Saint Thomas Aquinas in Prayer
(Siena or Cortona ca. 1400 – 1450 Siena)
|Medium:||tempera and gold on wood|
|Dimensions:||23.6 × 39 cm|
|Department:||Old Master Paintings|
Share Buy a sample print Shop
Saint Thomas Aquinas in Prayer"You have written well of me, Thomas" said the vision of Christ, according to the legend, to Saint Thomas of Aquinas, when he prayed for a sign of whether what he had written was true. The last great painter of the lyrical Sienese Gothic school, Sassetta's brush brings to life with a kind of "magic realism" the enchanting world where the believer engages in intimate discourse with the divine sphere day by day. The saint now pleads for inspiration in front of a household altar, and his prayer is answered: Christ embodies in golden light and sends to him the dove of the Holy Spirit. The miracle takes place in the interior of a monastery, brought to life with many familiar details. The codices left open on the desks remind us the friars who used to fill the library with life. In the background a view opens onto a garden and within it a fountain, the centre of everyday life in the monastery.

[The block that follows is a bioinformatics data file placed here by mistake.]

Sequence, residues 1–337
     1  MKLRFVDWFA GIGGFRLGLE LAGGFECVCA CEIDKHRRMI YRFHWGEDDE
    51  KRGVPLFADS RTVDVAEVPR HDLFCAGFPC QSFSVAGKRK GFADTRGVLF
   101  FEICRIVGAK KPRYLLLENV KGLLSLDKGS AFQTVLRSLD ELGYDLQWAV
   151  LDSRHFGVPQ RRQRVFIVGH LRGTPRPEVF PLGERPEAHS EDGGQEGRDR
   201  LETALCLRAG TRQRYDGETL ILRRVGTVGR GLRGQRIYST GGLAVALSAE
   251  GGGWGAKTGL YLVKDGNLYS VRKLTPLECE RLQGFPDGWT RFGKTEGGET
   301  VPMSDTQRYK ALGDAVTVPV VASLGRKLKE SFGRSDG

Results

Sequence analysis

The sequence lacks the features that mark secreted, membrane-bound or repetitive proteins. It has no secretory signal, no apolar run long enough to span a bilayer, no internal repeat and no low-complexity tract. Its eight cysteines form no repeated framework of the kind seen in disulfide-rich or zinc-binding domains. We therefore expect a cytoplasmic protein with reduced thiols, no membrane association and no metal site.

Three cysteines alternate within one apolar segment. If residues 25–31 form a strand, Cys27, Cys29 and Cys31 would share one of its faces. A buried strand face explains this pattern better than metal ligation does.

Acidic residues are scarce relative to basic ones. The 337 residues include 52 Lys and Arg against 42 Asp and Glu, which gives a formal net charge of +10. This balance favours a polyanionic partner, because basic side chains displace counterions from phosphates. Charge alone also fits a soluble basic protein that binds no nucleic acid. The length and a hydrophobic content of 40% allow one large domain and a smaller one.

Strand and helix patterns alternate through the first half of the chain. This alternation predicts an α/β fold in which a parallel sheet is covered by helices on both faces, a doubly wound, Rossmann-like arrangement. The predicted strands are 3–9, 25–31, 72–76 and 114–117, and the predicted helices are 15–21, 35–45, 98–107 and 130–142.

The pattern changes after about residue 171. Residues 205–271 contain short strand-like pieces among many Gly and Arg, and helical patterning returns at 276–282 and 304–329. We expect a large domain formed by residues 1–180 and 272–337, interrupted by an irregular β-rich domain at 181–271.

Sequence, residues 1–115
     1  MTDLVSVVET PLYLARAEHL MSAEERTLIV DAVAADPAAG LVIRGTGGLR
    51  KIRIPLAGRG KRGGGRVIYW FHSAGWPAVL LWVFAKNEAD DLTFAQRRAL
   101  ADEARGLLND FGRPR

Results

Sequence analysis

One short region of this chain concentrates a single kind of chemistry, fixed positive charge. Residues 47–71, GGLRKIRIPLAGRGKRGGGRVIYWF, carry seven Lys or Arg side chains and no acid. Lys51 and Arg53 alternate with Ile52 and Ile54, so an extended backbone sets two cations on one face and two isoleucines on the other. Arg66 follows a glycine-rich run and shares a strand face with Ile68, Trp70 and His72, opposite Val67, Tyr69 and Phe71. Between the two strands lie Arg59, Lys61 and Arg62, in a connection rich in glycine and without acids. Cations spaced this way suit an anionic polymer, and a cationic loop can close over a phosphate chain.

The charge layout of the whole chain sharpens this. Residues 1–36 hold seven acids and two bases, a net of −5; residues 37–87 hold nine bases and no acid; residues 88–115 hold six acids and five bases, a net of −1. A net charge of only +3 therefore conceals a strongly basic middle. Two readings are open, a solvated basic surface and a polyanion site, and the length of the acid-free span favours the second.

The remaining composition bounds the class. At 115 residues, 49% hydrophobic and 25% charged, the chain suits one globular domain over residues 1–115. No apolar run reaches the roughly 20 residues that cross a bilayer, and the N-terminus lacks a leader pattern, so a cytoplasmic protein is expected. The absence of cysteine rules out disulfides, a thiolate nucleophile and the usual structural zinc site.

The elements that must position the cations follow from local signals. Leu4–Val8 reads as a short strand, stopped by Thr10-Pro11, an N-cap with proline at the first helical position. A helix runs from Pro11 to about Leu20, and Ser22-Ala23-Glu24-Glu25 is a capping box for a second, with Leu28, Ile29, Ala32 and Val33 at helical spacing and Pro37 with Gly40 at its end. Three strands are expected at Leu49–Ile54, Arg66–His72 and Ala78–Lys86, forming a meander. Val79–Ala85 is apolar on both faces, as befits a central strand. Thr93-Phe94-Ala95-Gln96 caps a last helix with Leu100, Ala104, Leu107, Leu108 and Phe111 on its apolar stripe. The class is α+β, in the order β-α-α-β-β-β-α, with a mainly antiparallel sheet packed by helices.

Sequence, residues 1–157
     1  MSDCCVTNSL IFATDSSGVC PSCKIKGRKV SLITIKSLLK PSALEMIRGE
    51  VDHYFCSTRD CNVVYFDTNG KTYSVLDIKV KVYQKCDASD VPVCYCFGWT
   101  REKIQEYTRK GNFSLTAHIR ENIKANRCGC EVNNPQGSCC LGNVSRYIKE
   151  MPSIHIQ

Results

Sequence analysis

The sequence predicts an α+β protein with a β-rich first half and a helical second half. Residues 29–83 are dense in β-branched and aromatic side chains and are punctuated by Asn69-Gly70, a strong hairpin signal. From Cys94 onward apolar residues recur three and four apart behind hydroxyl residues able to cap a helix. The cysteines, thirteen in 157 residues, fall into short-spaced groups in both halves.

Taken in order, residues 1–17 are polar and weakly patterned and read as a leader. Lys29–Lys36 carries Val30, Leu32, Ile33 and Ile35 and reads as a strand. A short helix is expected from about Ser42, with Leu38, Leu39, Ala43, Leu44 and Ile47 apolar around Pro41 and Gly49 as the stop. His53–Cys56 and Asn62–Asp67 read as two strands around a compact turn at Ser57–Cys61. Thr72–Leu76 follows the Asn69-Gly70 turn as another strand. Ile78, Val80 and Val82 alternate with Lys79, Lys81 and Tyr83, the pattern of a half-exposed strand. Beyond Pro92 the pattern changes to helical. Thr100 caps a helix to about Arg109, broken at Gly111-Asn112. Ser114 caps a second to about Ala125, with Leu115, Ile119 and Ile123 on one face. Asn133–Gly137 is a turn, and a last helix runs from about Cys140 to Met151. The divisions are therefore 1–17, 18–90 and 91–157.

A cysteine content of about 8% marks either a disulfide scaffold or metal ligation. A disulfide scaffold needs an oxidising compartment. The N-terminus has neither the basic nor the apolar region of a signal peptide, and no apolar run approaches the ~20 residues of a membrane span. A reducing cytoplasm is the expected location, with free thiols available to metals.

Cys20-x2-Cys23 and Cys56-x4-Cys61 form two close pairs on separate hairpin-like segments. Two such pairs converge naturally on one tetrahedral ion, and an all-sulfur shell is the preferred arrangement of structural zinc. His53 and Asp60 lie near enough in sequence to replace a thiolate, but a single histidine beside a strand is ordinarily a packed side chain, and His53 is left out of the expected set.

This tiny masterpiece comes from a polyptych's predella, the horizontal base supporting the larger pictures. The altarpiece was commissioned by the Sienese guild of wool merchants, and was kept locked in a cupboard in the guild's headquarters. Each year however on the feast of Corpus Christi it was erected in front of the building, and an open-air mass was celebrated before it to the participants in the procession. The tradition lasted until the sixteenth century, when the altarpiece was moved into a church. Finally it met the fate of so many medieval polyptychs: it was sawn into pieces and sold to art collectors.